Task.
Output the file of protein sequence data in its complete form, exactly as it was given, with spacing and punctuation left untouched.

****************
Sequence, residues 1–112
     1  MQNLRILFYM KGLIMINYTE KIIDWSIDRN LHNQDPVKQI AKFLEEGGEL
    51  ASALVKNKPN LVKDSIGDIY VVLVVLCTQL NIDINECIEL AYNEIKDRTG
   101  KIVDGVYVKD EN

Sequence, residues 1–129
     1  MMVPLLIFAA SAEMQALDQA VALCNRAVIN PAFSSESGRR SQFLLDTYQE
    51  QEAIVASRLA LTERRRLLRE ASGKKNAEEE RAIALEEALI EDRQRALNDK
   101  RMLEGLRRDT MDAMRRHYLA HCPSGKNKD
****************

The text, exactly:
Sequence, residues 1–112
     1  MQNLRILFYM KGLIMINYTE KIIDWSIDRN LHNQDPVKQI AKFLEEGGEL
    51  ASALVKNKPN LVKDSIGDIY VVLVVLCTQL NIDINECIEL AYNEIKDRTG
   101  KIVDGVYVKD EN

Sequence, residues 1–129
     1  MMVPLLIFAA SAEMQALDQA VALCNRAVIN PAFSSESGRR SQFLLDTYQE
    51  QEAIVASRLA LTERRRLLRE ASGKKNAEEE RAIALEEALI EDRQRALNDK
   101  RMLEGLRRDT MDAMRRHYLA HCPSGKNKD